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World's Greatest Dad

There are a lot of things that come to mind after viewing the new film World’s Greatest Dad.

First thing to know, it’s the new dark comedy from director Bobcat Goldthwait starring Robin Williams, pushing the boundary of all that is right in conventional films. But Dad isn’t a conventional film, and frankly it’s one of the best movies I’ve seen all year. It’s funny, raunchy, poignant, stylistic and thought provoking and it’s the film that transcends Bobcat Goldthwait from the once ignored comic from the Police Academy films to one of the smartest directors to watch in years to come. But probably the strongest thing that comes to mind after viewing this movie is simply one word: Wow.

World’s Greatest Dad is the story of high school poetry teacher and struggling author Lance Clayton. Lance dreams of writing something so well that it would touch the world and make him a boatload of money. However, after rejection letter upon rejection letter comes in, he’d just be happy if he doesn’t end up alone.

In the meantime, he’s surrounded by a set of characters that daily test the man’s limits. Principal Anderson (Geoffrey Pierson) is constantly on Lance to increase his class’s enrollment, keeping the teacher firmly under his thumb. Lance also has an undercover lover in art teacher Claire (The sexy Alexie Gilmore), who may or may not be hanging out with the hotter and younger creative writing teacher Mike (Henry Simmons). The main thorn in Lance’s side is his troublesome internet porn loving son Kyle (Former Spy Kid Daryl Sabara). With all these distractions, Lance remains an upbeat hopeful schlub still following his dream.

From this point, there’s an important thing to know about World’s Greatest Dad. From here on out, do NOT read any other descriptions of the film because of the massive spoilers that most movie descriptions of this film have given out. The impact of this film comes in a major plot point halfway through the film and knowing it’s coming defuses some of the kick this movie delivers. It’s best to go into World’s Greatest Dad just knowing the perimeter of the film and slowly drifting into the heart of it.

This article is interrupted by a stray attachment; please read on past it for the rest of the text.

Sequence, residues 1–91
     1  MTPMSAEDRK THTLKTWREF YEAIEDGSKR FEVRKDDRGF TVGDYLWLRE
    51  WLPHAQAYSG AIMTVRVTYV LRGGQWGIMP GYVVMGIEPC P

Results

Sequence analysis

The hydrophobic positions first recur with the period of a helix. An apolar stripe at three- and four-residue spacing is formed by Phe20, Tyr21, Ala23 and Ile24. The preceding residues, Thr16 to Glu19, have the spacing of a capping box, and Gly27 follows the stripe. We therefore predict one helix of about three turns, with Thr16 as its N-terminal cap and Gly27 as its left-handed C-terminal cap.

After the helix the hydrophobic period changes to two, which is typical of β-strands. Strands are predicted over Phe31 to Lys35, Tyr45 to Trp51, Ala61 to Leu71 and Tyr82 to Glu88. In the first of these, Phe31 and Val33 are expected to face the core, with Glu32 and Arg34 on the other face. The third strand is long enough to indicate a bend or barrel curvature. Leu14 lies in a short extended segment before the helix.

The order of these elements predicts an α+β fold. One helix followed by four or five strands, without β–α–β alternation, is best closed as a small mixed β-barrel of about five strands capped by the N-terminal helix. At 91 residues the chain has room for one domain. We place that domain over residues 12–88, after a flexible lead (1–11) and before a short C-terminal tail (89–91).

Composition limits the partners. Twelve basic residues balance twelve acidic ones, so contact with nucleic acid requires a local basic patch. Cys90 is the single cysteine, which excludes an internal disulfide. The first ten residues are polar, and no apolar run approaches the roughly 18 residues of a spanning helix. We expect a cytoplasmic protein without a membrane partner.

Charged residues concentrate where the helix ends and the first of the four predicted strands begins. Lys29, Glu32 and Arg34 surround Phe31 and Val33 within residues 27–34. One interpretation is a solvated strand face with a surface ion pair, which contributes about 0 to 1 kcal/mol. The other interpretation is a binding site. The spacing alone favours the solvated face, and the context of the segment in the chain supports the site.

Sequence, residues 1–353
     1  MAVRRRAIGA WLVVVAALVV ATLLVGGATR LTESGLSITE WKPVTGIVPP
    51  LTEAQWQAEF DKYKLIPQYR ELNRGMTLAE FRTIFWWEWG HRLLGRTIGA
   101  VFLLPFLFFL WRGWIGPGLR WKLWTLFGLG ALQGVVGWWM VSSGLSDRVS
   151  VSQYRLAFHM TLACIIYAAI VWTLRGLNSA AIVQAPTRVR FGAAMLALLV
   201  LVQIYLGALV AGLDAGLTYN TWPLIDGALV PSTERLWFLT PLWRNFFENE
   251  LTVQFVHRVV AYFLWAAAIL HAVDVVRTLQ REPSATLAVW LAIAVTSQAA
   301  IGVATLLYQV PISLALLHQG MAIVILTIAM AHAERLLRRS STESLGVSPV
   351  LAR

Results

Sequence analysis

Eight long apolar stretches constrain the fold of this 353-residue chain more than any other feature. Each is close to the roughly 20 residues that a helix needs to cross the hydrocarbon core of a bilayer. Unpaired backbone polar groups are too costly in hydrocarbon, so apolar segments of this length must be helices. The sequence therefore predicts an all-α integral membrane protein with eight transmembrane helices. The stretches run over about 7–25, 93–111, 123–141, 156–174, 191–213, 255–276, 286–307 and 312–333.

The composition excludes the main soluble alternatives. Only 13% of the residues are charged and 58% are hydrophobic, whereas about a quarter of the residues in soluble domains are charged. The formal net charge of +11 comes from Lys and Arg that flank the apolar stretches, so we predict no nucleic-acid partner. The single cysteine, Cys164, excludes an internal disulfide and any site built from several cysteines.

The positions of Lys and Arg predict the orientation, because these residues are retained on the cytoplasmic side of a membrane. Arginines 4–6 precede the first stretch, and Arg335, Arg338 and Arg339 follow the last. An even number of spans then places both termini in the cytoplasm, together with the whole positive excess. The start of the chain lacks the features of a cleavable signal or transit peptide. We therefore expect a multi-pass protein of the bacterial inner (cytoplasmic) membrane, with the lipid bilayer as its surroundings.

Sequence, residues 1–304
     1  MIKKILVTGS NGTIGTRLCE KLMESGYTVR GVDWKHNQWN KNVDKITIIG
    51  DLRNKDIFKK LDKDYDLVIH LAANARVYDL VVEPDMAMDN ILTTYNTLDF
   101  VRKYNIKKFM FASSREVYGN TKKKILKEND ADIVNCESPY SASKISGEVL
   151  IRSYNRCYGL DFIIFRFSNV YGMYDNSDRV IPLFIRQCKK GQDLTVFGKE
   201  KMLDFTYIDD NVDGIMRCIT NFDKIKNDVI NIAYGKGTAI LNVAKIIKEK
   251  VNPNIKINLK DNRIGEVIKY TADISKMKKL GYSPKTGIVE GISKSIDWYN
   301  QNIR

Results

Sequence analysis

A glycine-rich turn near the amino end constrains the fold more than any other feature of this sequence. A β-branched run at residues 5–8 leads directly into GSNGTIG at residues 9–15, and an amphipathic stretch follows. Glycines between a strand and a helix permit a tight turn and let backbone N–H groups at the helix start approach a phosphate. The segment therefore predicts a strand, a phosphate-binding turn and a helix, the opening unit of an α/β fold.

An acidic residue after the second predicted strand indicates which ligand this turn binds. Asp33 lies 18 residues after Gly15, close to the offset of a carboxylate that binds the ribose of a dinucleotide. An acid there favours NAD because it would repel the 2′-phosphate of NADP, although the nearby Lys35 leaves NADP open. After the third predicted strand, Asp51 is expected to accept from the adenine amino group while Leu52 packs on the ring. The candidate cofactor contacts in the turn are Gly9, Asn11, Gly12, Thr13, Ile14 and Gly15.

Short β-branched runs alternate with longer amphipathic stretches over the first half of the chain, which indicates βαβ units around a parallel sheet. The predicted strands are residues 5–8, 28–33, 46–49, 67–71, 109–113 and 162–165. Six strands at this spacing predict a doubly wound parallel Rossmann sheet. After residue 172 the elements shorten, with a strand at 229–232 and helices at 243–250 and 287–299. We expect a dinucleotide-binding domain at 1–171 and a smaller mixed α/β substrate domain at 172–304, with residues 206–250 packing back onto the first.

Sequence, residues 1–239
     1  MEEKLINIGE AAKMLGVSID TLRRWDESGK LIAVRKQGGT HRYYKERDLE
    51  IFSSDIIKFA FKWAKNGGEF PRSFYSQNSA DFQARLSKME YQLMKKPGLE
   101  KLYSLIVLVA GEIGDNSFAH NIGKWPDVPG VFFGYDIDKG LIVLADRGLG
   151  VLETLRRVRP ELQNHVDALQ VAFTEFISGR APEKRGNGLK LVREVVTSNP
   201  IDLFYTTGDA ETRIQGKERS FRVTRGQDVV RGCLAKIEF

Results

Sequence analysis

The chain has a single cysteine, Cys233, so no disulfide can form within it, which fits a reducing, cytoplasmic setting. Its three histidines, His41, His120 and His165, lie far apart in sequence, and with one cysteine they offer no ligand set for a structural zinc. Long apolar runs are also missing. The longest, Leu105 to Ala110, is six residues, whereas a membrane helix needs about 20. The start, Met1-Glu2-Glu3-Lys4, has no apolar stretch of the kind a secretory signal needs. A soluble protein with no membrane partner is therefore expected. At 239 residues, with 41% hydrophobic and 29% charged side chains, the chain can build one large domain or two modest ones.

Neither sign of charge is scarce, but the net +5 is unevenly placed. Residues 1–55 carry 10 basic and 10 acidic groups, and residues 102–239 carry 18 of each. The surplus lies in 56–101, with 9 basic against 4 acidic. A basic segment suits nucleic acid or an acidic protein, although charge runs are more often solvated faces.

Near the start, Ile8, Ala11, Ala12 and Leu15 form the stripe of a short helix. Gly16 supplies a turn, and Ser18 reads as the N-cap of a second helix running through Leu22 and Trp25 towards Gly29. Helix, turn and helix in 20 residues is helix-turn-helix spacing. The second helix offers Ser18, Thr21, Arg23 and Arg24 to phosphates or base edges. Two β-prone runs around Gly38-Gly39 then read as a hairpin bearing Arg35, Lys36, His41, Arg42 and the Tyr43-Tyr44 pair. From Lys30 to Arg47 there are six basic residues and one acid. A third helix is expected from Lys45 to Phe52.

With that being said, an event happens in Lance’s life that changes everything. He begins questioning his position in life and rides a dark wave that may lead him to everything he’s ever wanted. But it begins to change him and soon Lance isn’t too sure he made the right decision.

World’s Greatest Dad is at its best when in the hands of Goldthwait and Williams. From the first frame of the film, it’s obviously all Goldthwait (who also wrote the film), but throughout we’re all reminded why Robin Williams is an Oscar winner and not just the crossdresser from Mrs. Doubtfire. Williams is outstanding in this film and truly conveys a man on a personal journey. Goldthwait’s wit is all over this film in the snappy writing and with small directorial choices that actually bring humanity to an inhumane film.

Probably the reason this movie affected me as much as it did was its ability to say something without actually saying it. A lot of films try to beat you over the head with a message, but Dad puts the pieces right there in front of you and forces you to put them all together. Dad speaks on popularity issues, fame, inclusion and exclusion and family. It’s smartly written and it says so much.

It’s definitely an indie film with indie film sensibilities but to the casual viewer it works as just good drama. There are a lot of sexual references in the film but nothing overly graphic, yet in one hilarious scene, great, touching drama is obtained through the dirtiest of references.

World’s Greatest Dad is an outstanding achievement from Goldthwait and Williams and one of the year’s best films. In limited release throughout the country now, do yourself a favor and give it a viewing while it’s still in theatres.

Lon Lopez

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